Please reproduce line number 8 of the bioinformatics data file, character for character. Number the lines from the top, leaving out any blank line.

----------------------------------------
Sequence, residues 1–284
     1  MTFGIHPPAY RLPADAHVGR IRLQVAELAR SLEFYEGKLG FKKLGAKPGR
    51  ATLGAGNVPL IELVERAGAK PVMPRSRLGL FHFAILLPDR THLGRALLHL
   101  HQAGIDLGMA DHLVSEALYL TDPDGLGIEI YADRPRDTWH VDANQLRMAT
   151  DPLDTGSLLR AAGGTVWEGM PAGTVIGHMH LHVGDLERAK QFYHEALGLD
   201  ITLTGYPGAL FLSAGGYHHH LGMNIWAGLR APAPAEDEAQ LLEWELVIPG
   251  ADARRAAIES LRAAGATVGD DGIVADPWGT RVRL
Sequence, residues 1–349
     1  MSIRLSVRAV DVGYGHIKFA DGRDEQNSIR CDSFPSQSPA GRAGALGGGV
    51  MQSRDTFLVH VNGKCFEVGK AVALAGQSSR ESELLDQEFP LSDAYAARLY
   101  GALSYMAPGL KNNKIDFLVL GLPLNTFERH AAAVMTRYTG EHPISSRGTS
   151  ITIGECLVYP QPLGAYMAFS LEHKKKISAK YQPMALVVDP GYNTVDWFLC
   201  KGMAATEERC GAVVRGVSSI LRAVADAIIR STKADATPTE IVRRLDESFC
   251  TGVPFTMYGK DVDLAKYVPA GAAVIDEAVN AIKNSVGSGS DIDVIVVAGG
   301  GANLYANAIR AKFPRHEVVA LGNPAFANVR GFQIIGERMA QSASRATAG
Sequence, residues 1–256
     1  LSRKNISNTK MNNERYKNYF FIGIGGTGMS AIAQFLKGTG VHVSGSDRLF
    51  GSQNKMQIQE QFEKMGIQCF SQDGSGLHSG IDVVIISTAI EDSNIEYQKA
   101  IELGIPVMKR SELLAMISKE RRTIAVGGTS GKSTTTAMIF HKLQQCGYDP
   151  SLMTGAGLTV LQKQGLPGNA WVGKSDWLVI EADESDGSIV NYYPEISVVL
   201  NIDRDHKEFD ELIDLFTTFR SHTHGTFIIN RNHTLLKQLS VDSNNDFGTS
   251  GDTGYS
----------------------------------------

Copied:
Sequence, residues 1–349